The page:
Reconciliation – Making space and acknowledging privilege

The world is currently looking for a new way forward. First Nations communities across Australia and the globe hold many of the answers, and many Australians are beginning to adopt some of these cultural systems and ways of being like never before. 

The world is currently looking for a new way forward. First Nations communities across Australia and the globe hold many of the answers, and many Australians are beginning to adopt some of these cultural systems and ways of being like never before. 

This National Reconciliation Week (27 May – 3 June) marks a time when it is possible for every Australian to embrace and celebrate our First Peoples, their cultures and our shared history. Over time, we are finding ways to learn about these histories, and celebrate the gift of rich cultural diversity Aboriginal and Torres Strait Islander people share with this country. 

While creating the mechanisms for Australians to come together in a move towards ‘truth telling’ is an important step in the healing of our nation, we must see further shifts in the way Australians create space for First Nations people and acknowledge the ongoing impacts of colonisation on First Nations communities. Through shifting power and acknowledging privilege, we can create the environment in which First Nations communities can self-determine their own futures.


Making space for First Nations young people

To shape an Australia where First Nations people are driving the change they want to see, we must first see organisations, institutions and individuals shifting power to make space for First Nations people. At YLab First Nations, we are working to create a platform for First Nations young people to centre their unique cultural identities in shaping better systems across Australia. We are a self-determined practice that sits within YLab, with First Nations Associates from across Australia. 

The challenge within this lies in ensuring that we are driven by the aspirations of these young people. For us, this looks like First Nations young people co-designing and co-delivering our strategies, training, coaching and client work. This all sounds fantastic in theory, but must be met with First Nations people employed across all levels of our internal work and all levels of leadership. Our practice is driven by myself, a Kaytetye woman working to ensure young people face no roadblocks in steering the direction of the work we do. As a First Nations woman sitting within the landscape of a wider system, I walk between many worlds and couldn’t do this work without other non-Indigenous Australians co-opting power and working to make space for me to blaze a trail others can step into. 


Centering First Nations knowledge 

When we value the cultural knowledge and lived experience of First Nations communities, we can shift narratives from the current cost-deficit paradigm to one of value and investment. In a country where the colonial frontier has left First Nations people and their aspirations at the door, there lies an opportunity to move to a place where First Nations cultures can instead enrich all of society.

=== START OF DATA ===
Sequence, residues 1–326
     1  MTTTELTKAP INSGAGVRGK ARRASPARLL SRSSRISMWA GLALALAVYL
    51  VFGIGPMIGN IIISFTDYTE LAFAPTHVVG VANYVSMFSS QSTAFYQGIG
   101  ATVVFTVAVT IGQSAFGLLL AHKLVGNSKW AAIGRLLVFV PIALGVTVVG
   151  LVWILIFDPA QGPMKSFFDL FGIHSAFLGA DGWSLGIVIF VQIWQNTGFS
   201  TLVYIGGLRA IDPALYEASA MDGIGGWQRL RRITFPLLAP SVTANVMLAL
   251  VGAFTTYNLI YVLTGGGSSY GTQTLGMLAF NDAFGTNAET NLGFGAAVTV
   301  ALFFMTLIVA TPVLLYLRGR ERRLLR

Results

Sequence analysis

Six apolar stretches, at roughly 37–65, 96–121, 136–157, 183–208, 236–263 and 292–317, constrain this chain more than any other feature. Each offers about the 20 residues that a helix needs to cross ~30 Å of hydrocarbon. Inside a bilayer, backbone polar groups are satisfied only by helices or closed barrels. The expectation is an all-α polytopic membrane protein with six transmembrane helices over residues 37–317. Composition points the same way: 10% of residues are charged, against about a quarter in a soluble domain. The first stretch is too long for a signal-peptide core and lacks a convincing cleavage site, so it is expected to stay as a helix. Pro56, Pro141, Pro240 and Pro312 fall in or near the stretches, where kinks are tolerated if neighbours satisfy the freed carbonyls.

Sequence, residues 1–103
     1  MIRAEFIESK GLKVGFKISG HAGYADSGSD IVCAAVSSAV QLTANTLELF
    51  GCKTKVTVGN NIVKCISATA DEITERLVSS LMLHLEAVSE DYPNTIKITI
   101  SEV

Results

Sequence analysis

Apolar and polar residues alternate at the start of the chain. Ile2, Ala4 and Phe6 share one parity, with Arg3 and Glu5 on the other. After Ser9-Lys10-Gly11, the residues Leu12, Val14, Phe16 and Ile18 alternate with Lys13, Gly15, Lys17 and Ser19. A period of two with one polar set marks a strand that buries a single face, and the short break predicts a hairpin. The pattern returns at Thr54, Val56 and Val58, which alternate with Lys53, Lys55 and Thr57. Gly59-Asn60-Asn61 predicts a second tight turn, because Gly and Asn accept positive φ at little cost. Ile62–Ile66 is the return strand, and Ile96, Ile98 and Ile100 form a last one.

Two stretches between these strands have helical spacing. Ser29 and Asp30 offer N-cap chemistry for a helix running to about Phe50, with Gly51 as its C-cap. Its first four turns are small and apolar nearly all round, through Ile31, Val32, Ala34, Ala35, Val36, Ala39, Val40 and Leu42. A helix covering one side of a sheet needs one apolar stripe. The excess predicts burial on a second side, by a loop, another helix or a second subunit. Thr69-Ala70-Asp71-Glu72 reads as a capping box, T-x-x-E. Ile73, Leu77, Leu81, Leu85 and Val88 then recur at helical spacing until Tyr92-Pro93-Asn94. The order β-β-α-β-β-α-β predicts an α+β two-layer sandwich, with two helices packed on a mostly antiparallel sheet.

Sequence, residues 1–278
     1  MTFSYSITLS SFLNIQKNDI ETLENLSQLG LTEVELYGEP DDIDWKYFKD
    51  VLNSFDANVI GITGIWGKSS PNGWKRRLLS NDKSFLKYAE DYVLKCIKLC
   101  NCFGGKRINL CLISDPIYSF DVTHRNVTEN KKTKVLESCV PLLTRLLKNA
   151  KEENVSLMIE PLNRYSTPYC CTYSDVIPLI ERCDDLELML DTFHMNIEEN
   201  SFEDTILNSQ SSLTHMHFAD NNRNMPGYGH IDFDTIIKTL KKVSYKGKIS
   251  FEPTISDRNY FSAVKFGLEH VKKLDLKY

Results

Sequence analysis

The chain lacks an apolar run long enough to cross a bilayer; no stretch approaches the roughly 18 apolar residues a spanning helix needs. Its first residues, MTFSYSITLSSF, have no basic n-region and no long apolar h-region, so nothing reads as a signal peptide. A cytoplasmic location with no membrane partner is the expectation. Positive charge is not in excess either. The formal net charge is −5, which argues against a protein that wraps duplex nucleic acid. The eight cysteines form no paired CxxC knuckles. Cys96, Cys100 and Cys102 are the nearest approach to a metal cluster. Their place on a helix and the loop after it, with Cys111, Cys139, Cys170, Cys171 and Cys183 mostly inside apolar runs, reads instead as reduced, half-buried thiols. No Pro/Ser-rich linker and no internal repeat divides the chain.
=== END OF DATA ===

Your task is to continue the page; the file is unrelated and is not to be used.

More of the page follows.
As the world looks to create sustainable economies, improve learning systems, and enhance community wellbeing, we can see that First Nations communities already hold many of the answers we are looking for. We have the opportunity to look at 80,000 years of knowledge, taking what we have explored in this period and Indigenising our future in ways that will enrich all of society. 

At YLab First Nations we are looking to embed First Nations knowledge systems into everything that we do. From our consulting models, to coaching frameworks and ways of working with each other, our own cultures hold many of the answers to improving outcomes for our communities. For me, the cultural practices and knowledge systems of my culture and other First Nations cultures are a source of great strength and pride. By championing these ways of being and knowing, we can shape future systems within Australia that centre First Nations people and cultures. 


Acknowledging privilege when you acknowledge Country 

A growing number of Australians start their meetings and events with an Acknowledgement of Country. This however, often resembles a box ticking exercise unless coupled with a heartfelt acknowledgement of our privilege in standing on unceded lands. These statements are hollow unless they acknowledge the true history and colonial impact still faced by First Nations people today.

While a reconciling of our colonial history is important in healing our nation, we need to see collective action by individuals, organisations and institutions across society to shape a better Australia that is fairer for all. Within this, we must acknowledge the ongoing impacts of colonisation, make space for First Nations people, and centre knowledge systems that are as old as time. These are small steps on a journey to create an Australia that celebrates and embraces its First Peoples.

This article has been written by
Rona Glynn-McDonald